Most interviews suggest dreadful violence as a way of life.  More interviewees that one might suspect, suggest life wasn’t bad during slavery or that it somehow got worse thereafter, as a sharecropper.  And it is also to be remembered that the interviewees were all white people, sent by the federal government so more than a few people might have thought it was the better-part-of-valor to keep candor to a minimum or tell them what they expected these interviewers wanted to hear.  None of the stories “feel” inauthentic though.  And in each case, you have at best a few quick glimpses of what survives the strongest from childhood, nuggets, one assumes that had been shared many times before and were what was first reached for when the topic came up.  What would writers be gainfully employed to research and save from oblivion today?  The time is just about ninety-years on from this last last effort.  So, we’d be looking to speak to people who had memories of life before 1955. 



No one is interested in a formal dinner.  I made way too much food yesterday when I had my extended family over.  There is a big pile of turkey, and four or five cuts of ham.  Not sure anyone else was in love with this quinoa salad but I’m enjoying it cold.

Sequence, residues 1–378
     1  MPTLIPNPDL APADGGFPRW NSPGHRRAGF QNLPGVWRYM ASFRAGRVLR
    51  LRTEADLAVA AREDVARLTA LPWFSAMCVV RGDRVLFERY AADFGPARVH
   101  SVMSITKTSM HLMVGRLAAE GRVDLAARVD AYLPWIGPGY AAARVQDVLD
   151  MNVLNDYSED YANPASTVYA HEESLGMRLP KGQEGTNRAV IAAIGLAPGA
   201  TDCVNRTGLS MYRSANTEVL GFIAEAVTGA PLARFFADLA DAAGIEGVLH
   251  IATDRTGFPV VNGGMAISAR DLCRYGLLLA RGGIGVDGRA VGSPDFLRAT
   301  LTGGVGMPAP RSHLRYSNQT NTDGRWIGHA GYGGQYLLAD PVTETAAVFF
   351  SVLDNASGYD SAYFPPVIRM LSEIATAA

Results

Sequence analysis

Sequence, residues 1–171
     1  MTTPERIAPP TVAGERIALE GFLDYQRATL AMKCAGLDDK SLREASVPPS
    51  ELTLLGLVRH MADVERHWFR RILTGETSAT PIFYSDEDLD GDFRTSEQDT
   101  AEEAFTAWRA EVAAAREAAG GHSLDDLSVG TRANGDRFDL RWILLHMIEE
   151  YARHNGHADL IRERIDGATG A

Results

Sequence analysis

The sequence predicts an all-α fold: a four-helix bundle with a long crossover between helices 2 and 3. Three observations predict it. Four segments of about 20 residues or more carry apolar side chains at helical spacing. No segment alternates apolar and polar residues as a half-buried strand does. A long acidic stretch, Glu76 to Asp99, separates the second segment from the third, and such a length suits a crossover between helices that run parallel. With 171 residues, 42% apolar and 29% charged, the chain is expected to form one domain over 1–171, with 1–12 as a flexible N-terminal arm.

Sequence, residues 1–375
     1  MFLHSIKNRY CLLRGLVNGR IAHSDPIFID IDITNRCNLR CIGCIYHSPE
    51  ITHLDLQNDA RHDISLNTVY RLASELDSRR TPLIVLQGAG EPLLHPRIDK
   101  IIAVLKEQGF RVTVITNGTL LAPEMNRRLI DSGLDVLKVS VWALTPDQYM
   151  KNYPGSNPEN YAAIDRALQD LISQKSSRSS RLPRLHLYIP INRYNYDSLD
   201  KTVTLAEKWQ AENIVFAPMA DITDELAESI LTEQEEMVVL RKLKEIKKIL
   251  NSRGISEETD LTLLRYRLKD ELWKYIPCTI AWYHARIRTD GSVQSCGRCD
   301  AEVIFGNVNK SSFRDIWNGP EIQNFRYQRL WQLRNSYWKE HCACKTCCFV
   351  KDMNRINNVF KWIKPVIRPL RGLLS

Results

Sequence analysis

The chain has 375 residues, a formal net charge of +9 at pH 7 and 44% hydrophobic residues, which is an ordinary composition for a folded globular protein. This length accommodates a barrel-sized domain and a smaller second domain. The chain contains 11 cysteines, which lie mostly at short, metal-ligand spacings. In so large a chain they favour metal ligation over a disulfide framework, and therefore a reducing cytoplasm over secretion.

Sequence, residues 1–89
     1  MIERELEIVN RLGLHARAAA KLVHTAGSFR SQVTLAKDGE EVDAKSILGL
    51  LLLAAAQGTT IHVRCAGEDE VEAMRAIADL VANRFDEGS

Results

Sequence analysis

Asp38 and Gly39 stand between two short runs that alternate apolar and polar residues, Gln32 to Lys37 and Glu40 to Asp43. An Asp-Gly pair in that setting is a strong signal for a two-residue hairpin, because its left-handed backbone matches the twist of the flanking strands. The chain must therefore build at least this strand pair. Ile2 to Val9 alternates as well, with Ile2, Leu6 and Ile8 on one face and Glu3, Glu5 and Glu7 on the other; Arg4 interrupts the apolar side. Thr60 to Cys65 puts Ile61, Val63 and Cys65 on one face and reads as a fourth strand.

Monday, 06/08/20


Tuesday, June 16, 2020

And Sorghum: You Don’t




My sister wanted to come up.  She’d bring her son.  They’ve been down in Brooklyn, throughout the Covid period.  For us it has been a bucolic drama which forces us to mask-up when we go to our choice of grocery stores and confront the challenging reality of not being able to go to local restaurants.  In the city, it’s been different.  Twenty-percent of the metropolis has been exposed to the virus and confinement means quarantining in a very tight space.  It is also the stigma that is involved in living there in the eye of the hurricane.  No one else is particularly interested in seeing you. 

My wife acquiesced.  So, it was a go.  And then my dad said he’d come.  My mom as well.  My little brother and his nephew got word and suggested they’d head up as well.  Fortunately, this all passed the veto committee that my wife chairs and today, around noon or so we welcomed them all.